Kangaroos - The 100 Days Project: Day 10 
The Kangaroos are Getting Smaller
Photo credit: Ray Drew
The kangaroos are getting smaller. The cruel ways in which unwanted joeys are slaughtered by the shooter/hunter/killers – their heads tramped into the ground, or bashed against the roo-bars of the 4-wheel drives (etc.) – have led to bans, in the kangaroo ‘industry’, upon the shooting of females and a consequent ‘male only’ killing policy. And of course the larger bucks – the ‘boss’ males – have been the first to go. This is in part simply because they are more desirable (carry more meat) and easier targets, but also in part because the ‘boss’ male is the principal protector of the group. When some intruder or disturbance unsettles the mob – a fox, a human or a vehicle, say – the boss will stand his ground (in effect making himself the target) while the rest of the mob (females, joeys, younger males) head out of danger.
This ‘male only’ policy, ensuring as it does that the boss males are the first to be killed, affects the social structure of the mob. It is the boss male who, having proven himself through victory over challengers, earns himself the ‘right’ to impregnate the females. Ironically this also means that he effectually puts a lid on the sexual urgings of younger males. People who have had the opportunity of watching them sufficiently have spoken of a boss male’s chasing off and even punishing younger males who have sexually harassed a female: teaching them, as it were, a kind of sexual propriety. With the boss male killed, however, unless a contender can step immediately and powerfully into the vacuum, these sexual urges are not kept in check and the propriety not observed. The result is not only that more joeys are born, but also that the mob becomes a more violent place. There is also, arguably, a weakening of the gene pool, as more than the proven fittest get to contribute to it.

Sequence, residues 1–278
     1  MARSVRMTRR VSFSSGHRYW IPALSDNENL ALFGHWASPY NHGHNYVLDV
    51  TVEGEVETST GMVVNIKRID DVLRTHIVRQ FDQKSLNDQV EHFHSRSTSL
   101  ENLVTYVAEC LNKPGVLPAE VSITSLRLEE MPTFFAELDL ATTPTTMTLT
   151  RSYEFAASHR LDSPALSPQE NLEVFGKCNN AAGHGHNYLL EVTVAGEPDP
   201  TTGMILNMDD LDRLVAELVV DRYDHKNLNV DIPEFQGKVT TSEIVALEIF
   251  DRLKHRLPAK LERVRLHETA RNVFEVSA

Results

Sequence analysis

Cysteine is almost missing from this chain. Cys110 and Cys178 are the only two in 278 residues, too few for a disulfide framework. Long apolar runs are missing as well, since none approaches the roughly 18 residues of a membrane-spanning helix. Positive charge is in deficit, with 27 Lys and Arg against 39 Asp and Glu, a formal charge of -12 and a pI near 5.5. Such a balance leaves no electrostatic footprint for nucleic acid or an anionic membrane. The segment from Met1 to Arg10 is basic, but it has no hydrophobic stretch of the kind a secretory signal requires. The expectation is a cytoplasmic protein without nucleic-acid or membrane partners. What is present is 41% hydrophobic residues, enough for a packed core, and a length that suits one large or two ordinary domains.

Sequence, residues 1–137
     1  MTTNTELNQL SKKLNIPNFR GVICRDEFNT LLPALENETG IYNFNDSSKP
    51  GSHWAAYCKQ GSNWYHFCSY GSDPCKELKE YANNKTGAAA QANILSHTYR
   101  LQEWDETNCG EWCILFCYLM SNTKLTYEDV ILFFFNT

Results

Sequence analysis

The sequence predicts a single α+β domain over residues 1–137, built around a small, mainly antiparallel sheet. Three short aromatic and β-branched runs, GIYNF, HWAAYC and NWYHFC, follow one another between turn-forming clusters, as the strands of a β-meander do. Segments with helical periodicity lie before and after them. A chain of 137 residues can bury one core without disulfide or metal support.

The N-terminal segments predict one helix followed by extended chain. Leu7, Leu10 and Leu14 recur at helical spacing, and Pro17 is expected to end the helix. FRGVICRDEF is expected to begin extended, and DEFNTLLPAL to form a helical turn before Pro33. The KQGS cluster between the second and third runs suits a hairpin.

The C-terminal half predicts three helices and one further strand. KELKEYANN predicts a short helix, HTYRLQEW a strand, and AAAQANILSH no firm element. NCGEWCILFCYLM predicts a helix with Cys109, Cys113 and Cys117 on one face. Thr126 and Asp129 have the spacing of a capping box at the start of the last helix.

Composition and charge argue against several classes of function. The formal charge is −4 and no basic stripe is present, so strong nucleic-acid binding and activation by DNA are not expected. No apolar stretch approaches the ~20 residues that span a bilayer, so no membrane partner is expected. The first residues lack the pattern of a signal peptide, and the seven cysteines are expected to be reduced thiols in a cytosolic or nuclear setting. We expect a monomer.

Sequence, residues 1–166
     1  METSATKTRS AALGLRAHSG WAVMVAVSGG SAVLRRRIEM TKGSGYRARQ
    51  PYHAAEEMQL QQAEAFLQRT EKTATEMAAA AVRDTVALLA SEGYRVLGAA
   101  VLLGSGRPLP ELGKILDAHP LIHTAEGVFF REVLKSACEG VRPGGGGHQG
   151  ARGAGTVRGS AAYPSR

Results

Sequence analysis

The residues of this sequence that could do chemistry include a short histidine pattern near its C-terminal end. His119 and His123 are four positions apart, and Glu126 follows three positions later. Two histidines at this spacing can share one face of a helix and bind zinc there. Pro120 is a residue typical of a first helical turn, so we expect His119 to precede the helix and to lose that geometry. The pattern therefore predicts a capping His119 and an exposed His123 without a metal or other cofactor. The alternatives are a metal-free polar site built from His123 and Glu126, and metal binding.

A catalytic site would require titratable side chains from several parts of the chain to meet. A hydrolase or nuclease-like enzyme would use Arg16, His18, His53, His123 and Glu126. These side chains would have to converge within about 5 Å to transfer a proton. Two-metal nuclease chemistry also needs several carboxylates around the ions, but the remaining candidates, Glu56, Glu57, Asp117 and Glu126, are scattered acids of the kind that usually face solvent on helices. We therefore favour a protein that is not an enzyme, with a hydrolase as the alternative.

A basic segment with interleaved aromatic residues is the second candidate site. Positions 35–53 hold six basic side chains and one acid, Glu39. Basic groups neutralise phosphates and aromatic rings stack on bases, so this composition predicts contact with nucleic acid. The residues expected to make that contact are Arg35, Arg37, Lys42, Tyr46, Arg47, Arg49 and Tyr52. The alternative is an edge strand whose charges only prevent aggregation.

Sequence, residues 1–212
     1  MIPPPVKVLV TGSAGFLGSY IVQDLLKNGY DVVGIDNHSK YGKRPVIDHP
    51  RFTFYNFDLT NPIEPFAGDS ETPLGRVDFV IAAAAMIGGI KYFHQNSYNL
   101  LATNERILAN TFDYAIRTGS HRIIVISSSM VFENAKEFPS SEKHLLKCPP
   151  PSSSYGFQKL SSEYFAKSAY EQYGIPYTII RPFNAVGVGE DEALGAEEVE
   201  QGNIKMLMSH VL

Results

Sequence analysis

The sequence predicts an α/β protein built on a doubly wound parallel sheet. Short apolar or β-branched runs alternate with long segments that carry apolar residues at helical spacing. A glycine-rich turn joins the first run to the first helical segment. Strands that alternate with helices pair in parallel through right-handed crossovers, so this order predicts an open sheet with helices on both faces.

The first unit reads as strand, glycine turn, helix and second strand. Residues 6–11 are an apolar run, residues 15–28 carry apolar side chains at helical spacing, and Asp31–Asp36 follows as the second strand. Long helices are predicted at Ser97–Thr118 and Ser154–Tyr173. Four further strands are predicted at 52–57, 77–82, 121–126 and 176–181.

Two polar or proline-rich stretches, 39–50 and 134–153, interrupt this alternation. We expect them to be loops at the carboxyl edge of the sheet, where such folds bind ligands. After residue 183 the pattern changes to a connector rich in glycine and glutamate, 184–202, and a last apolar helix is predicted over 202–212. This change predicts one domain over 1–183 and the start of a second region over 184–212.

Graziers tend not to like the ‘male only’ policy, as it is seen as increasing, rather than decreasing, the number of kangaroos they have to contend with. Hunters don’t like it because (a) it makes it harder to fill their quota, and (b) it wrong-foots them so often: how can you be sure, shooting from such distances, at night, with only split-seconds to aim and fire, that every ’roo you are killing is a male?